During the Chinese civil war between the CCP and the Guomindang (Nationalists) during the 1920ss and the 1930s, Stalin supported the Guomindang. He did this because he saw that the nationalists seemed to offer a better opposition to Japanese expansion in China. Hence for the soviets, national interests took precedence over ideological solidarity. But it is important to note that Stalin did see the CCP an important partner in ensuring the victory of world socialism and after 1945 he gave support to the CCP. When the Communists did take over China in 1949 the USA viewed it as another victory for the forces of world communism. Additionally, Mao was seen as an instrument in the USSR’s bid to spread worldwide revolution. Mao believed that an alliance with the USSR would ensure that Communist China would receive the protection it needed against attack from the USA and anti communist forces in China. This was all clearly ideological.
The Sino-soviet treaty in 1950 shows that relations were improving but they were limited in some sense as well. This can be seen by the dispute over Taiwan. The relationship at this time between the USSR and China was the ‘big brother’ mentality. In the war in Korea, 900,000 are dead, most of which are Chinese. Here we can see that he is being treated unequally. Stalin retained authority to intervene and didn’t place any soviet troops in Korea. This leads us to believe that the personalities of the leaders, especially Stalin led to the Sino-soviet split.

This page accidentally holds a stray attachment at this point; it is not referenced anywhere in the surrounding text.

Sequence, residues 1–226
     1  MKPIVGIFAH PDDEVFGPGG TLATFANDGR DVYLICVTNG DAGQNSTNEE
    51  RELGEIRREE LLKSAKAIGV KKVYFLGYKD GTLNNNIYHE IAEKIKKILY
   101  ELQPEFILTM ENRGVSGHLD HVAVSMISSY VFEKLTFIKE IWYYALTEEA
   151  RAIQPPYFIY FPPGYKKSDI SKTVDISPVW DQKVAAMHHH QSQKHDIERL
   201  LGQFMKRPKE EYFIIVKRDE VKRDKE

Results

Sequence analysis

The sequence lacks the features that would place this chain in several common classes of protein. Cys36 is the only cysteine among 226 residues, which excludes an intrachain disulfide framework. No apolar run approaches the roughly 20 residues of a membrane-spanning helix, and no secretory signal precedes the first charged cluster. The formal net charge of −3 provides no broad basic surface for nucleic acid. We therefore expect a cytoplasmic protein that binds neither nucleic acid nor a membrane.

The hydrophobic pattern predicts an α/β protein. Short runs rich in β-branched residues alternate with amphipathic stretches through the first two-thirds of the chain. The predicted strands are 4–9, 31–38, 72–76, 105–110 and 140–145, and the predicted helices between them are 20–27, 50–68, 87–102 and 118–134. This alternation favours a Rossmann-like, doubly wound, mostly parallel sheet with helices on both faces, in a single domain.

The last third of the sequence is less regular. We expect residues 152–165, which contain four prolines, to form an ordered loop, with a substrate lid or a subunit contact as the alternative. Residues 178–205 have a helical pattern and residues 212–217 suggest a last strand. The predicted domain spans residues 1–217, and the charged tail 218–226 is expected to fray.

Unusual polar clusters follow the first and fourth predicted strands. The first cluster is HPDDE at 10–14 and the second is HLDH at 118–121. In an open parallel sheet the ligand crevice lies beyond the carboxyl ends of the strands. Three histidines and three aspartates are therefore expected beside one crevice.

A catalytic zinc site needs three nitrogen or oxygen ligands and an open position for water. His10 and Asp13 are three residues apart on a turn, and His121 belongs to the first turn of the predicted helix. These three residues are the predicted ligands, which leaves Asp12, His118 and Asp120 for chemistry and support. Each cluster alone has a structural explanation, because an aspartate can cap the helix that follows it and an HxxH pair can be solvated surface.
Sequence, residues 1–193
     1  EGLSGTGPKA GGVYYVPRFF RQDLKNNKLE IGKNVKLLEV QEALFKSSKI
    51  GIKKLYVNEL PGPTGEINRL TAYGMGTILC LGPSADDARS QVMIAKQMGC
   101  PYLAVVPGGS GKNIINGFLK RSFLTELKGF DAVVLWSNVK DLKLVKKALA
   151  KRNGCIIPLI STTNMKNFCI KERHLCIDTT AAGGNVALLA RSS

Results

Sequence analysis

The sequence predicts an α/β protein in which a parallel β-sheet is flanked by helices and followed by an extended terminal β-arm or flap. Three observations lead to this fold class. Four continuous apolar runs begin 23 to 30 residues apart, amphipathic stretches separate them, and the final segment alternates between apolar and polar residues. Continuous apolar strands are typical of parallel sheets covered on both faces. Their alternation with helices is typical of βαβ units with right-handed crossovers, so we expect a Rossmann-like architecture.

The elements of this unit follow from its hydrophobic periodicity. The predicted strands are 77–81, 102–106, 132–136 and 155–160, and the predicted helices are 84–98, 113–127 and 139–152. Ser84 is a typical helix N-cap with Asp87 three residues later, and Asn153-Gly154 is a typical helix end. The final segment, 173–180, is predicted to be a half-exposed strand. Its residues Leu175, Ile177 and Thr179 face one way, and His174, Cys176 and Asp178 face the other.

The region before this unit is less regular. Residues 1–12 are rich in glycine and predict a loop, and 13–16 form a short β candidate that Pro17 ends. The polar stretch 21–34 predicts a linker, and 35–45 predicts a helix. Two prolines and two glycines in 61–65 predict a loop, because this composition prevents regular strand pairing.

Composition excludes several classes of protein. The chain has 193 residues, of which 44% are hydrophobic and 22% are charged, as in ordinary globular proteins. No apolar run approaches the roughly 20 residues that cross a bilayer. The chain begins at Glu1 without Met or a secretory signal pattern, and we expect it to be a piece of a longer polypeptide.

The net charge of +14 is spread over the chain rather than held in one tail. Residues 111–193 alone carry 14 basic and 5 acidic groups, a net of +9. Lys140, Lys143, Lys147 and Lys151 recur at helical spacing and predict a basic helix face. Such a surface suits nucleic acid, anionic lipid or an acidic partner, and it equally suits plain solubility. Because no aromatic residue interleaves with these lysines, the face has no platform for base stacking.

The Taiwan Crisis of 1954 and 1958 was all to do with Mao playing the USSR and America off of each other. The bombing of Quemoy and Matsu was to deliberately cause pressure on these places and to get America to intervene which would result in the USSR stepping in to stop the USA from infiltrating the communists.